TMO's Guide to Buying Discounted iTunes Cards

Did you know you can buy discounted iTunes Gift Cards? They allow you to buy apps, music, movies, TV shows, and books at a discount. I've seen discounts between 5 and 25 percent, which means you get that same discount on the stuff you buy from the iTunes Store, the App Store, and the Mac App Store. I even found a place to buy discounted iTunes cards with Bitcoin.

There are a lot of different ways to get these discounted cards, and I've put together a guide to help you find navigate these deals.

Let's Get Physical. Or Digital.

Apple has both physical iTunes Gift Cards and iTunes Digital Gift Cards, and both are subject to discounts from a variety of retailers.

Physical iTunes Cards are printed out with a unique code hidden by a peel-off strip—that code is activated when you pay for the card. iTunes Digital Gift Cards are essentially just that activation code, usually delivered via email after you've bought the card.

When you buy a Digital Gift Card, you'll get a receipt almost immediately, but the activation code won't arrive for a few hours. Some retailers do a little CYA and say it can take up to 24 hours, but I've always received them within 2-4 hours no matter who I'm buying from.

Generally speaking, I like giving physical cards as gifts, but lots of people send digital cards as gifts, too. Either way, you can get both types at a discount.


The one place you can't get a discounted iTunes card is from Apple, either online or the company's fleet of Apple Stores. It's third party retailers who want to discount them because they are using them as loss leaders.

The following retailers regularly cycle through discounts: Ebay, Target, Staples, Office Depot, Home Depot, Toys-R-Us, Meijir, Costco, Best Buy, B&H, Safeway, and Dollar General. There are surely others—especially local and regional stores, but these are the ones I see the most.

Tip: Discounts come and go every few days and weeks. I follow @iTunesCardDeals on Twitter to keep up current offers. The operator of that account—which isn't affiliated with Apple—"Likes" only current offers, making it easy to see what's out there.


Ebay usually has the best discounted iTunes Gift Cards, but their deals last only a few days every few weeks. Ebay is offering the discounts through its subsidiary PayPal, at 15, 20, and sometimes 25 percent off. 20 percent is the most common discount, and once per quarter or so, the company will do 25 percent off.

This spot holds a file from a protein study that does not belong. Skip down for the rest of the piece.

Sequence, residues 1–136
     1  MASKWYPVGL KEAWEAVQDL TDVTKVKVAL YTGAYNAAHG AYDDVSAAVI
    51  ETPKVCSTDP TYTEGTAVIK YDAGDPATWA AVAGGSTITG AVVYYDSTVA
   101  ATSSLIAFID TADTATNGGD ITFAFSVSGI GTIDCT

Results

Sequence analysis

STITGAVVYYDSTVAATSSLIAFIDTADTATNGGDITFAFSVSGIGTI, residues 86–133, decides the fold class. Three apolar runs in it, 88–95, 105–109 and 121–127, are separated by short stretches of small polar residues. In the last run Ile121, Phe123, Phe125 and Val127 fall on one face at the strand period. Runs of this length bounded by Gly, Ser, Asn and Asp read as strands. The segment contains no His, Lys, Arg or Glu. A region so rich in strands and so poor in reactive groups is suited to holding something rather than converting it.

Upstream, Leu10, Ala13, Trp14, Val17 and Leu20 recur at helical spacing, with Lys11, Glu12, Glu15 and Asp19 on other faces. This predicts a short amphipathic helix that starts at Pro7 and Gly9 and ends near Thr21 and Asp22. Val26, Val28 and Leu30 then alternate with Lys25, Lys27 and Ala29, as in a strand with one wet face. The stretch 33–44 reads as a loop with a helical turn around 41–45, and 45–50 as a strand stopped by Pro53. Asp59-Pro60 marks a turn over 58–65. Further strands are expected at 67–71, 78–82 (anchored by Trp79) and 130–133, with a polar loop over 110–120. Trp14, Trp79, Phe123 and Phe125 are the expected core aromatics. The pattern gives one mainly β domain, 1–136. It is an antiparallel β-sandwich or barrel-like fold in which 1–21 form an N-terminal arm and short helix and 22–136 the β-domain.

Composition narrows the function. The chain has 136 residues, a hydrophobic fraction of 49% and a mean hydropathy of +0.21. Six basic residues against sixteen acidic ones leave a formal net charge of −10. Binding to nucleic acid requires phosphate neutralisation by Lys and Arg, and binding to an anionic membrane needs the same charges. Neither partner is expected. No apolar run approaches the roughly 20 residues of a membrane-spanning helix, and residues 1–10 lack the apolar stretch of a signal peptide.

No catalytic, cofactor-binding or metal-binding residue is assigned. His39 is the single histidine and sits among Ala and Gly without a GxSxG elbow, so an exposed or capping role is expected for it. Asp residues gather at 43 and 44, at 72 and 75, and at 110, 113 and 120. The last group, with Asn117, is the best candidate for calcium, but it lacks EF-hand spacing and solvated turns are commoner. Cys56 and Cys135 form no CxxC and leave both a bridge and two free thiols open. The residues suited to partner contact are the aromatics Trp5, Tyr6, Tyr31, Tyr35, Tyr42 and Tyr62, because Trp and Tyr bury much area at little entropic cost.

Denominations are usually $100, meaning you can get a $100 iTunes Digital Gift Card for $85, $80, or $75, depending on the discount. Sometimes they'll offer $50 denominations, too. To take advantage, you'll need both an Ebay account and a PayPal account.

In addition to the Twitter account I mentioned above, you can subscribe to Ebay's email announcements or check Ebay's Gift Cards landing page for those deals. Here's what the email delivery looks like:

PayPal Digital Gifts Receipt

PayPal Digital Gifts Receipt


Target most commonly offers 10 percent off online and in-store—sometimes 15 percent, and sometimes buy one and get the second for 20 percent off (that's an effective discount of 10 percent). The big box retailer mixes it up between physical and digital gift cards.


Costco is probably the most frequent discounter, with discounts between 10 and 20 percent on physical iTunes Gift Cards. These cards are usually available in-store—sometimes online—and 15 percent is that retailer's most common discount. They also require a Costco membership.

And The Rest

Most of the other retailers I listed above offer discounts on physical gift cards. Some require in-store purchases, and some of them will mail them to you. Last Christmas I ordered some discounted cards for the staff here at TMO, and it took several weeks for them to be delivered, so plan in advance if this is what you're doing.

Bitcoin and RewardsPay used to sell iTunes Digital Gift Cards for Bitcoin, but neither is doing so currently. I went looking and found another retailer called Yotta Electronics that sells a variety of things for Bitcoin, including iTunes Cards. In addition to accepting Bitcoin, they sell at a slight discount, 5 percent in my experience.

This is a small company that I hadn't heard of before I went looking, so buyer beware. But, I've ordered a couple of cards from them and everything went as it should.

The last note is that Yotta Electronics keep only a few cards "in stock" at any given moment, but they add new ones once they run through that stock.


My biggest piece of advice is to simply look for discounted cards and keep your account loaded with credits. That means more often than not that you have to think ahead and buy before you need them. If you do so, you can save a considerable amount of money.